Linux Laptop Mode and /proc block_dump
Over at the
top-like command for disk io thread on GLLUG Kostas Georgiou mentioned
/proc file entry I’d never heard of before, and after
some digging it looks like it could be useful when debugging certain IO
problems. Assuming you have 2.6.6 or above - or a vendor patched kernel.
When you activate the option with a
echo 1 > /proc/sys/vm/block_dump as root (read the article and consider
turning syslog off first) the kernel starts to log which processes are
accessing which disk blocks and inodes. Below is a small chunk of its
output on my test VMWare system:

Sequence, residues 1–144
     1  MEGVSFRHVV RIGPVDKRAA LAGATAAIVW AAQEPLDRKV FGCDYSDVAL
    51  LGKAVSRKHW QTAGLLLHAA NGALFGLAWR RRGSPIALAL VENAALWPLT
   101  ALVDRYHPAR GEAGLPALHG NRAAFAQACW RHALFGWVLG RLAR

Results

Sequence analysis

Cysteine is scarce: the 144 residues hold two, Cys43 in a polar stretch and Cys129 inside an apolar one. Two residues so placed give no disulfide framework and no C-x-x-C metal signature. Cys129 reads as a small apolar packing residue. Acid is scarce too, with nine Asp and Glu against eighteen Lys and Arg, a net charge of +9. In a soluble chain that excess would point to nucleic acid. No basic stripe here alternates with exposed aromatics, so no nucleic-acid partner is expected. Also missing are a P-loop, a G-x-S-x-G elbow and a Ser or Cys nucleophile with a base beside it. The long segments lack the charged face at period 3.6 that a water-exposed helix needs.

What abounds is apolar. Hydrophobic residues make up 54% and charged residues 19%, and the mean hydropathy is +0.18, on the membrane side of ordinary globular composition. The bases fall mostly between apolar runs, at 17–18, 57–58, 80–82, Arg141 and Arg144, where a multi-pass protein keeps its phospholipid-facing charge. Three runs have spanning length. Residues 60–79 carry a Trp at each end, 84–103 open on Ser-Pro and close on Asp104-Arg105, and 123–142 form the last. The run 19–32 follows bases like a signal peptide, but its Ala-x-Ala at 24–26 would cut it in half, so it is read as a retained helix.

Mar 14 19:16:44 localhost kernel: sshd(2659): dirtied inode 388836 (sshd) on sda1 Mar 14 19:16:44 localhost kernel: sshd(2659): dirtied inode 533395 (libwrap.so.0) on sda1 Mar 14 19:17:23 localhost kernel: cat(2672): dirtied inode 888805 (.bash_history) on sda1 Mar 14 19:17:46 localhost kernel: kjournald(913): WRITE block 14016 on sda1 Mar 14 19:17:48 localhost kernel: pdflush(104): WRITE block 12487672 on sda1
The short version is, ‘dirtied’ means changed but not written to disk, pdflush
will write the rows out later, and READs are what you’d expect. A brute
force way to trace an inode to a file path is with find:
find / -inum num. The longer explanation can be found at LJs Extending Battery
Life with Laptop Mode under the “Spinup Debugging” heading.
It’s no DTrace (and no, SystemTap isn’t as good as DTrace) but it is neat and a decent addition to the debugging toolbox.